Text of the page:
On May 8, Yun Sun, Co-Director of the East Asia Program and Director of the China Program, testified before the U.S.-China Economic and Security Review Commission on China’s strategic aims in Africa. Yun Sun analyzed aspects of China’s political influence in Africa through political capacity building, political party training, media elites training, and engagement through its diplomatic corps. She also assessed the African response and reception to such Chinese efforts, which forms a baseline in understanding the effectiveness of the Chinese influence.
China’s political influence in Africa spans numerous approaches that contribute to Beijing’s strategic aims on the continent.
1. Political party trainings
Accelerating significantly since 2000, the CCP’s engagement with African parties shifted from an overtly ideological dialogue on Chinese communism to a more subtle and expansive demonstration of the fruits of China’s economic development. Based on the assumption that China’s remarkable economic progress over the past few decades is attributable primarily to its political system, the CCP engages directly with African political parties, political leaders, and other elites to provide political training programs in China. Party-to-party relations provide a foundation for China to deepen its partnerships in Africa in contrast to Western countries, particularly the United States, whose development finance advocates for a different set of rules.
2. Media and digital space
The 2018 FOCAC Beijing Action Plan for 2019-2021 promotes the establishment of a China-Africa media cooperation network in which China trains African media officials and journalists and promotes exchanges and visits as well as the joint production of media. With the promotion of Chinese media resources by national agencies and private broadcasters with Chinese backing, the sparse media environments of many African countries could see Chinese monopolization of news and broadcasted arts to curry favor for Chinese worldviews or soft power. African media companies with partial Chinese ownership of African media have seen possible cases of censorship or content management. Chinese actors’ influence on African countries’ governance structures has a direct impact on norm-building on the continent, and this is particularly true with the spread of the norm of “internet sovereignty” to African countries. Chinese firms have also exported hardware and practices applicable to surveillance states.
3. Diplomatic engagement
China’s diplomatic attention and resources devoted to Africa outpace that of the U.S. in measures of not only embassies but also high-level diplomatic visits. China’s high-level visits have three complementary geopolitical goals. They advance economic and political engagement with the continent, offer a stark contrast to the U.S.’s Africa policy, and provide a direct channel to high-level Chinese officials for African leaders to voice their interests. China’s diplomatic corps in Africa is playing an increasingly active role in shaping African public opinion through diverse social media channels and communications strategies.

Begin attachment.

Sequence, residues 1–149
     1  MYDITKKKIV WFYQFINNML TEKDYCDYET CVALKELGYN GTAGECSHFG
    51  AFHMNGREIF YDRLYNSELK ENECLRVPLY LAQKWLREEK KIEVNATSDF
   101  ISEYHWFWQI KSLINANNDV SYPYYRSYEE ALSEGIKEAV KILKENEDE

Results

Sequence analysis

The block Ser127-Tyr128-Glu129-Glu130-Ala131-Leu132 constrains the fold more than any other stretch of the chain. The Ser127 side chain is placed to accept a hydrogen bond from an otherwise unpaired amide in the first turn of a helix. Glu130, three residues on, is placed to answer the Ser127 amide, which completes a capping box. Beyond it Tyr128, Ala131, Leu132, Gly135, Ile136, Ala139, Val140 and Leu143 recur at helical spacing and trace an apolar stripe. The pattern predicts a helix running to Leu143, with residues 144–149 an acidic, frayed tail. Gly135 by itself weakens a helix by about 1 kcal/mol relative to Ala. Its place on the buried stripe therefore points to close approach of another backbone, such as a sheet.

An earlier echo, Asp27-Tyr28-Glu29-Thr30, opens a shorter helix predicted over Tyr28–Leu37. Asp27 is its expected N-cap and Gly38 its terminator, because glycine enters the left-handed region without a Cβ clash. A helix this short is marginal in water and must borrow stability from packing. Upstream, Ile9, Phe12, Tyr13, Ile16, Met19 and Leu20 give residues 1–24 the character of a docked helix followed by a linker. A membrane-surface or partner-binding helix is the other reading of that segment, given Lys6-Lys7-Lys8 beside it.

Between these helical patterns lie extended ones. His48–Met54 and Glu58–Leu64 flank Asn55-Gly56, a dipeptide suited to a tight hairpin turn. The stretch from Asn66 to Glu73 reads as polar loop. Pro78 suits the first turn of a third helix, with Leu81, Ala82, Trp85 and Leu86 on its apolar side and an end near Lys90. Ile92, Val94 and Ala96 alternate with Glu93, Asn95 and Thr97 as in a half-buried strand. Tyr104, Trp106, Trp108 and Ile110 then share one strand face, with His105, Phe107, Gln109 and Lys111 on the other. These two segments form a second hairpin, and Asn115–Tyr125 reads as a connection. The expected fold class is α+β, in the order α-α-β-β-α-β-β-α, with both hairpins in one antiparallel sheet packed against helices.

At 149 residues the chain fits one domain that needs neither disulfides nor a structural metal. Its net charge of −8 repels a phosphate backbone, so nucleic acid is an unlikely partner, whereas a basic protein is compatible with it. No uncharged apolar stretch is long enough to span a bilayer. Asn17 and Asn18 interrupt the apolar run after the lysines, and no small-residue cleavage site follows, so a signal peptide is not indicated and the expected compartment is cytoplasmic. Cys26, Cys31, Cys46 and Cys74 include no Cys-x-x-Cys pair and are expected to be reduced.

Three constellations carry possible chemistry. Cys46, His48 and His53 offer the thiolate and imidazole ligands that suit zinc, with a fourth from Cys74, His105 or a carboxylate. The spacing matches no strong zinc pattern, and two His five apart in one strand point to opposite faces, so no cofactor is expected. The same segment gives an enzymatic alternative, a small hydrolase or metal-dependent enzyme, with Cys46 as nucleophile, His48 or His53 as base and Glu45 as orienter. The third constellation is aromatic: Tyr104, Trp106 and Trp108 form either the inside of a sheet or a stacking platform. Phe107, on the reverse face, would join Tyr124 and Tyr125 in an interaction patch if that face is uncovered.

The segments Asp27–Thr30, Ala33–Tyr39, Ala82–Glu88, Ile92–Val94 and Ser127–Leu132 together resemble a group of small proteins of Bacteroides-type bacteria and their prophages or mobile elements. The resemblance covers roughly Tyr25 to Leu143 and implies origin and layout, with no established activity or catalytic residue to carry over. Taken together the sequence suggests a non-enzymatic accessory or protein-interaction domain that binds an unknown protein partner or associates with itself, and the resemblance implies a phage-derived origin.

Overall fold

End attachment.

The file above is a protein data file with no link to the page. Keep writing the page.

How have African countries responded?
African governments and communities have, as a whole, lauded Chinese investment and aid as well as its political engagement with the continent. Politically, China represents to some Africans a model to emulate, and China’s appeal as a comember of the Global South helps. Economically, governments near-unanimously praise China’s investment and aid, competing for the limited yet sizeable funds. Some pushback does exist, however, and this backlash has most heavily centered around China’s economic rather than political influence, involving perceptions of malign business practices and environmental damages.
Recommendations to Congress
1. Enhance U.S. engagement: A key reason that China is gaining momentum in Africa has been the lack of attention and resources from Washington toward the continent. If the U.S. is able to enhance its economic, political, and diplomatic efforts to offer African countries an alternative, it will mitigate the Chinese ability to dominate the discourse.
2. Emphasize bidirectional communication channels: Reputational obstacles and historical legacies of colonialism that often accompany Western engagement with Africa can be mitigated by reinforcing the bidirectional nature of political, economic, and diplomatic interactions between the U.S. and the continent. Ensuring that U.S. diplomatic visits continue to highlight African perspectives, needs, and initiatives can offer these countries even more opportunities to enhance African development.
3. Increase investment in African civil society: To better inform the African governments’ decision-making, the U.S. should increase support of African civil society to strengthen local safeguards against Chinese negative intentions and malign activities and increase African self-autonomy and agency in the continent’s own future.
4. Align with like-minded partners: Forming an alignment with like-minded partners in Africa will boost the available resources and credibility of the U.S. engagement, diminishing the perception that the U.S. interest is to compete with China in Africa rather than a genuine interest in the continent itself. It will also help to enhance the effectiveness of the engagement with the input and support of other donors and partners.
5. Limit the impact of great power rivalry on Africa: Despite the fact that China is increasing its effort to gain political influence in Africa, the challenges faced by the continent are so vast and diverse that great power rivalry should not hinder efforts, joint or unilateral, to assist African countries to battle their difficulties. The U.S. should avoid punishing Africa for the sake of competing with China.
Watch the full testimony.